Is there anything in this parable that resonates with you personally? Do you recognize yourself in any of the characters? Are you the older son, eager for self-justification? Are you the younger son, who’s run far away from his father, but has returned repentant? If you’ve read this parable before, do you identify with a different character than you did in the past? What might the Holy Spirit be saying to you right here and right now in this passage?
The third step of Lectio Divina is oratio, or prayer. With this stage, move from using your mind to using your heart and speaking directly to God. Previously, you were thinking about the parable, but now you talk to God about it. Many people often feel that it is hard to pray to God, or that they don’t know how to pray. But prayer is merely a conversation with God; that’s really all it is. If you know how to have conversations with friends, family and coworkers, you can have a conversation with God as well. It is a bit different, of course, because God does not necessarily respond with audible, human words, but He does respond to our prayers. Further, He wants to talk with us.
Within the context of Lectio Divina, use whatever thoughts or reflections came to you earlier as the basis for your prayer. For example: if you felt like you identified more with the older brother, are you holding on to resentment towards someone? Are you jealous that someone else seems to be getting better than they deserve? Bring it to God. Ask Him to give you the Heart of Jesus, a heart that is always eager to forgive. What were your thoughts on the younger, prodigal son? Is there something you want to apologize for, but you feel intimidated by the prospect? Do you feel grateful for someone who has forgiven you? How about the father? How does he compare to God the Father? What area of your life needs healing? What area of your life have you not yet given over to God, completely? Are you holding anything back, like the younger son who held himself back from his father’s love for so long? Speak to God about these things. There’s not only one specific “correct” way to pray. God is your Father, and He simply wants to hear you speak to Him, and He wants to speak to you. So bring Him whatever is on your heart.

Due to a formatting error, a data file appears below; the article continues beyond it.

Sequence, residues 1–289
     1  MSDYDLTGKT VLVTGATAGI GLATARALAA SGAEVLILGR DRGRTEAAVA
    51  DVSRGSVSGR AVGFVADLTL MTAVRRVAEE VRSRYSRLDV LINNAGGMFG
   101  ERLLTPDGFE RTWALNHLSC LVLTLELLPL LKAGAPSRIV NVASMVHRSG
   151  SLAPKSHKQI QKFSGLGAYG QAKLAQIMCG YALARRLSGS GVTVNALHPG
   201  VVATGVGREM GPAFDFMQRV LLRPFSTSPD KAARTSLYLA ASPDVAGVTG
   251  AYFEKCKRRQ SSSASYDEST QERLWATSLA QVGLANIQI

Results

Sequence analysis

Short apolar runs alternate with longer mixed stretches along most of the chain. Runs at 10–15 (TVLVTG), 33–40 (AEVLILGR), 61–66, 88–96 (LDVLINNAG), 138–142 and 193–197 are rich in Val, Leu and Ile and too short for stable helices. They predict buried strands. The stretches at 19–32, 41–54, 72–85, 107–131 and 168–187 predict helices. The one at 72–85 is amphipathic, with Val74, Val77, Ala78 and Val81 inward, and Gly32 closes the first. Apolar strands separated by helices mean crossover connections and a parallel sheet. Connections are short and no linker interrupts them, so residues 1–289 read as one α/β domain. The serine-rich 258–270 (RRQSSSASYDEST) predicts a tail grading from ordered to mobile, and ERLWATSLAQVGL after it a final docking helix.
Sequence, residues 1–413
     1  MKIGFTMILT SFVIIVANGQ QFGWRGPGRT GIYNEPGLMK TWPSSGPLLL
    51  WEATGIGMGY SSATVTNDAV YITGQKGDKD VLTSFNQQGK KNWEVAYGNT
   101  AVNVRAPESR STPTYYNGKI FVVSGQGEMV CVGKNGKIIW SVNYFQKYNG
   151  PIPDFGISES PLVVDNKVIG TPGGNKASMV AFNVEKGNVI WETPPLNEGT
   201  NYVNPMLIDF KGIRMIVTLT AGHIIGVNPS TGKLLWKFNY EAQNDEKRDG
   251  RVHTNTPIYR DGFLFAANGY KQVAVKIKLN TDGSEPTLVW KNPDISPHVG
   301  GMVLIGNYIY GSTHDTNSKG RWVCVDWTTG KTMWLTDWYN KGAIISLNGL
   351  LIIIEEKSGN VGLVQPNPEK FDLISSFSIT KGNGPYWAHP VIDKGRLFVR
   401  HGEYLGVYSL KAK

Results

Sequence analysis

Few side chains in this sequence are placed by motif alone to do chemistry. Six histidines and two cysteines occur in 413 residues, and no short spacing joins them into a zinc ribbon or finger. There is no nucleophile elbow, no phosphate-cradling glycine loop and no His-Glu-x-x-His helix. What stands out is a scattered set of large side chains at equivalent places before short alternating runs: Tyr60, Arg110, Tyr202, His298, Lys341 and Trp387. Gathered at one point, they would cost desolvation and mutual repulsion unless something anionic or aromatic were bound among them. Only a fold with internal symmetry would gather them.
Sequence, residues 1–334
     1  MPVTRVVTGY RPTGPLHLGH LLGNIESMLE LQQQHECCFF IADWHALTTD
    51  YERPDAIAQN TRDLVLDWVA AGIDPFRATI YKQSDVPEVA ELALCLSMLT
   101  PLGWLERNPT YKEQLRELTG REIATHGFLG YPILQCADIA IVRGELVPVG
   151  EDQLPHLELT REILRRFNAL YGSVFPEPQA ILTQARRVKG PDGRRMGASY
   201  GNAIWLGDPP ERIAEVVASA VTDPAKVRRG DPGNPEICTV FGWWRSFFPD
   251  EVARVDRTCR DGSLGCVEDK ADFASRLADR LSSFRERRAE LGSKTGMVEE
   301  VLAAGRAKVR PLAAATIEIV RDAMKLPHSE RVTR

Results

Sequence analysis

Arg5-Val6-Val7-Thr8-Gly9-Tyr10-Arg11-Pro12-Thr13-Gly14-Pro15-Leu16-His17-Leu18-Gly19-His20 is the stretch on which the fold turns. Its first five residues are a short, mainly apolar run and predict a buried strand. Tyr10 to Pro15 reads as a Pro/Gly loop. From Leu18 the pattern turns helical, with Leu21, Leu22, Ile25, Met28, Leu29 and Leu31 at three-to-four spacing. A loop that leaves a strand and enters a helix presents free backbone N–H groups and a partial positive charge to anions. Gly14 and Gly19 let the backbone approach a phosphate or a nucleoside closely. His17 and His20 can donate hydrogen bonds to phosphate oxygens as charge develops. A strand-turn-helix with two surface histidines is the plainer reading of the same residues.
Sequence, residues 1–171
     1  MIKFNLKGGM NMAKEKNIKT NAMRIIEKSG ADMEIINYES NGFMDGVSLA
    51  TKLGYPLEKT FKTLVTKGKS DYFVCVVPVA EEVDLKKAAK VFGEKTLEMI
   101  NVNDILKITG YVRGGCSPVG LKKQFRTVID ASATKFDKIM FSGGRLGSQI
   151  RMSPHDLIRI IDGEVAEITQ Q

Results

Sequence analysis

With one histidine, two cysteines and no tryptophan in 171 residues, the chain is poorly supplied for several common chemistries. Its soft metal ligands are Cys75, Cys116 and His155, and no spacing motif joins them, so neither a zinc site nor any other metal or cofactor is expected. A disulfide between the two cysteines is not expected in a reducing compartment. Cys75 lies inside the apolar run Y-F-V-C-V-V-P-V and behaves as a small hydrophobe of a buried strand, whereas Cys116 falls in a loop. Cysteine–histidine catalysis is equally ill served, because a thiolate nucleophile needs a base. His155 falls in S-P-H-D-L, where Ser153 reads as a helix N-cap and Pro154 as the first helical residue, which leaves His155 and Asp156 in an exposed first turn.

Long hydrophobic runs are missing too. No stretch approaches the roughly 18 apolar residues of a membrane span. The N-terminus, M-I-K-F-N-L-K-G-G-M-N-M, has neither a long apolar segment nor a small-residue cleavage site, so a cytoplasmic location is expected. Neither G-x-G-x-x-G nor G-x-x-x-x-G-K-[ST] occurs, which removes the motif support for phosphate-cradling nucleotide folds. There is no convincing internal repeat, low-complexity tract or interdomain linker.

The fourth and final step of Lectio Divina is contemplation. This might be the most difficult stage, because it involves simply being quiet and resting with God. You don’t need to say anything to Him, but simply live in His presence. Try to put yourself in the shoes of the prodigal son - just rest in your Father’s loving and forgiving embrace. When there is a strong love between two people, they don’t need to be speaking to each other all the time; often, just being in each other’s presence is enough. God loves you more than any human being ever could, so cultivate that awareness of His love, and just be in His presence. God speaks to us when all is silent around us, so make sure that there is no noise going on (or, at least as little as possible). You may feel a sense of resolution regarding the questions you asked God in the Oratio portion. If so, praise God! If not, it may mean that God has something else planned for you with regard to those areas of your life which you talked about with Him. Either way, know that He was listening and He wants to give you the best possible outcome for yourself.
An important part of this last step is the commitment to a concrete change in your life. Does this parable, or your reflections, bring to mind any ideas for how you can live differently? Ideally, every encounter with Scripture, and with God our Father, should leave us changed for the better. We can assume that after returning home and receiving his father’s forgiveness, the prodigal son went on to live a life very different from the one he had been living before. How will your life be different after this encounter with God - in Scripture, in your thoughts, in prayer, in silence? Even if it’s something very small, commit to a positive change in your life, and start that very same day.
At the End of Lectio Divina
Once you’ve reached a point at which you feel that you’re done, thank the Lord for your time with him, and continue with your day, in the renewed commitment to live every moment in the love of God the Father, always unafraid to return to Him for forgiveness, just like the prodigal son.